A student activist has called on authorities to involve them during policy formulation processes to avoid cases in which female students often fall victim to sex predators within tertiary institutions with little consequences on the culprits.
Speaking at a policy dialogue forum at the University of Zimbabwe Friday, Midlands State University (MSU) student representative, Vennah Makoni raised the red flag over what she felt was an increase in cases of sexual harassment in universities.
The cases involve lecturers preying on young female students they often lure into sex, at times unprotected, in exchange for higher grades.
Makoni said the tradition had a lot to do with the exclusion of students during policy formulation stages by government.
"There is a thing called thigh for a mark and it's real," she said.
"You cannot pass unless you give your thigh to get a mark.
"I think the policy formulation should include students since it is for students. They cannot impose a policy on us which we were not part of," Makoni said.
Speaking at the same occasion Friday, United Nations Resident Coordinator, Bishow Parajuli underscored the need to implement stern measures against perpetrators of sexual harassment charging that universities must be responsible.
"Close to 70 percent of students are complaining of sexual violence and I think it's important to look into this area and address that concern.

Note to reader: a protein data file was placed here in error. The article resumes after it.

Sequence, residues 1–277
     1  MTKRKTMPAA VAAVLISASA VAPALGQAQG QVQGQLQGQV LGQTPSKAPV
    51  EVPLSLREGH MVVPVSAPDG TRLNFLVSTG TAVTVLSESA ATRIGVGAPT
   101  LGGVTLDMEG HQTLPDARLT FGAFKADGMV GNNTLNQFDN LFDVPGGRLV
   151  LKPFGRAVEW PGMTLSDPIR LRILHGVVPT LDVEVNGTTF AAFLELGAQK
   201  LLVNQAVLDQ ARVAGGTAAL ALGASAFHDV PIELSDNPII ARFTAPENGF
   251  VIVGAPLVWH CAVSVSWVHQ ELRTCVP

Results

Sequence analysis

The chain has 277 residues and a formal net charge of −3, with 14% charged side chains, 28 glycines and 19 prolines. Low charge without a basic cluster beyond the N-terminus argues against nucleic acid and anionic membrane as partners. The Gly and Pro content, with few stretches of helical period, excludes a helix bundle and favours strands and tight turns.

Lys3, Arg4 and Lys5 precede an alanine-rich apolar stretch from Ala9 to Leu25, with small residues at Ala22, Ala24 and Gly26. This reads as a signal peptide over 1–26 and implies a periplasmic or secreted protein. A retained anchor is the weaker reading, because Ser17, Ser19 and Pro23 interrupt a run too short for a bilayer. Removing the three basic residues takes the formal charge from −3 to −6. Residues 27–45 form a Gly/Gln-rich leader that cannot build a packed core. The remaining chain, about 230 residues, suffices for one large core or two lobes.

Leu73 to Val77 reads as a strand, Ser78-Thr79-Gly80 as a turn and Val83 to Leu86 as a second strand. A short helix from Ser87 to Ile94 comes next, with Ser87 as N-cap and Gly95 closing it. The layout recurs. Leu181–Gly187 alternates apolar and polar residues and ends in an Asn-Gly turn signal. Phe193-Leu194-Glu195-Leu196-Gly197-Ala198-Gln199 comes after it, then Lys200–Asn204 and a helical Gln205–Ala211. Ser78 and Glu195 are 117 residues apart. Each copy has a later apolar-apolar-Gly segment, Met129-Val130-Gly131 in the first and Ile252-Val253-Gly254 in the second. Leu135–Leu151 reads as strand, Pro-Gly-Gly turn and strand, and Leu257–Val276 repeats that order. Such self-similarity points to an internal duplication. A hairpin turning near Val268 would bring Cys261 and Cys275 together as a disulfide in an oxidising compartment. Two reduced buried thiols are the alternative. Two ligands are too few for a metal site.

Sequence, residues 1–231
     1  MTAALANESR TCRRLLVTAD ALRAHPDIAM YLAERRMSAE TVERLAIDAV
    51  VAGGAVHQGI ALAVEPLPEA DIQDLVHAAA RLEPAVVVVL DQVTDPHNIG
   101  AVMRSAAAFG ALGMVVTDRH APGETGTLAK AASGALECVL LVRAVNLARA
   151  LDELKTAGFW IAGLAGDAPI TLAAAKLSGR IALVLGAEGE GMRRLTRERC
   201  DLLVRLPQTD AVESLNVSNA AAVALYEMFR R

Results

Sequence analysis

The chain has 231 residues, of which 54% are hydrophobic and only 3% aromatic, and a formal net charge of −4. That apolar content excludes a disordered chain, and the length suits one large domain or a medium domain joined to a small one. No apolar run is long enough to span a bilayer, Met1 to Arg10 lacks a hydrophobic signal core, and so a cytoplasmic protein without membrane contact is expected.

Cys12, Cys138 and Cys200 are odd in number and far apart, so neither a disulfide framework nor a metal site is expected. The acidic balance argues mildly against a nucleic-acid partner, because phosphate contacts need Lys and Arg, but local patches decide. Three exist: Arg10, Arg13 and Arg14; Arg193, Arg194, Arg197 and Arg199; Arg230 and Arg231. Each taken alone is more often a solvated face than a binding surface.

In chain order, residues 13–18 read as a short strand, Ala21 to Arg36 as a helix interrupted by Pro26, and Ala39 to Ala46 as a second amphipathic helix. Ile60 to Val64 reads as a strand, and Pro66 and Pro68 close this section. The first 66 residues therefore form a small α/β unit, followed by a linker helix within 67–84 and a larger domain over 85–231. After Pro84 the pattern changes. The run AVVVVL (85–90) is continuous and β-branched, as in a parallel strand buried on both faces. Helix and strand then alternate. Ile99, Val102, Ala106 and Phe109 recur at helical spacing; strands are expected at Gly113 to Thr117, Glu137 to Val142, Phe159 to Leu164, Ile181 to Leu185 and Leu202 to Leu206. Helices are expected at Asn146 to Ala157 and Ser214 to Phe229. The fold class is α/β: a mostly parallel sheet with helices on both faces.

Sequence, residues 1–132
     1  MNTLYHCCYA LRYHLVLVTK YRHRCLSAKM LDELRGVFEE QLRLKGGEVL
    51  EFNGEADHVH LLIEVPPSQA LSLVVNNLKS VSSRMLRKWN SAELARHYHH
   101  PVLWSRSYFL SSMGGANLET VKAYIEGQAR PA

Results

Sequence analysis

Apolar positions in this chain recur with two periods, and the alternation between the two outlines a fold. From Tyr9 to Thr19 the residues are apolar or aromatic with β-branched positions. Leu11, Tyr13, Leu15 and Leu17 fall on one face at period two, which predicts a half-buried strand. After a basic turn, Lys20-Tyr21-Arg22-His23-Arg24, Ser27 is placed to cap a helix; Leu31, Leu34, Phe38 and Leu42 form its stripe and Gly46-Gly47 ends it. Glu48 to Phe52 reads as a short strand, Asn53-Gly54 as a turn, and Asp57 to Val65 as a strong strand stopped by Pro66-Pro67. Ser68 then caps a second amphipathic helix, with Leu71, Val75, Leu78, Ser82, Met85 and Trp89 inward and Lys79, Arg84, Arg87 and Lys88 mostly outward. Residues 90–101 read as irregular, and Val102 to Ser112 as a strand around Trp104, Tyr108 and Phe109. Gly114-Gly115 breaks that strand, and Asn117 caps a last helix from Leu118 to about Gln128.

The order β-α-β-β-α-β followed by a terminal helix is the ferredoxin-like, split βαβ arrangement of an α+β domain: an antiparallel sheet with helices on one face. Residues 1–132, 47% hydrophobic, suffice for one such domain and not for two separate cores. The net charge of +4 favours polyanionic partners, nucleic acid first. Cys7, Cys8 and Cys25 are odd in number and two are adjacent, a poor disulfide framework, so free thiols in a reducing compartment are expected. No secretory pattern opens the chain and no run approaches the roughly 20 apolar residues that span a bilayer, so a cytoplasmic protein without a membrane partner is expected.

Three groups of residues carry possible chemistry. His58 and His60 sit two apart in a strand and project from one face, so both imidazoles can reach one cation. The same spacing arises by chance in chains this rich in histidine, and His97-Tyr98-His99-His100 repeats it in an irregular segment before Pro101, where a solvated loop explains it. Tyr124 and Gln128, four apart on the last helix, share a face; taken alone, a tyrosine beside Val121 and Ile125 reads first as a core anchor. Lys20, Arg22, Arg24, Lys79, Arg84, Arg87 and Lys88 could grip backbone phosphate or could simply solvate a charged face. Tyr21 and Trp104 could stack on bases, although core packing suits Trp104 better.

"Universities must take responsibility and they must put in place various mechanisms such as punishment of perpetrators while giving students confidential platforms to report sexual harassment," he said.
The policy dialogue forum organised by SayWhat in partnership with United Nations, Swedish embassy, among other partners has seen stakeholders and participants citing poverty and lack of parental advice as major drivers of sexual harassment at tertiary institutions.
Last year, Health and Child Care deputy minister, John Mangwiro alluded to unprotected sex among university students as the cause of a sharp rise in sexually transmitted diseases stating that the most affected were between 19 and 24.
Some students often fell prey to Casanova business people who lured them with goodies especially in times of desperation.
According to a baseline study by Female Students Network Trust (FSNT), June and August 2018 at 21 tertiary institutions across the country, about 94% of some 3 425 students interviewed indicated they had experienced sexual harassment of some sort from lecturers and non-teaching staff in return for favours.
Some female students said they were forced to take alcohol and drugs before being sexually abused, while others admitted to engaging in transactional relationships with older men.
"About 339 reported having been forced into unprotected sex in sexual encounters with lecturers, 209 in sexual encounters with non-academic staff members in tertiary institutions and 902 in sexual encounters with male students," part of the report by the female student lobby group said.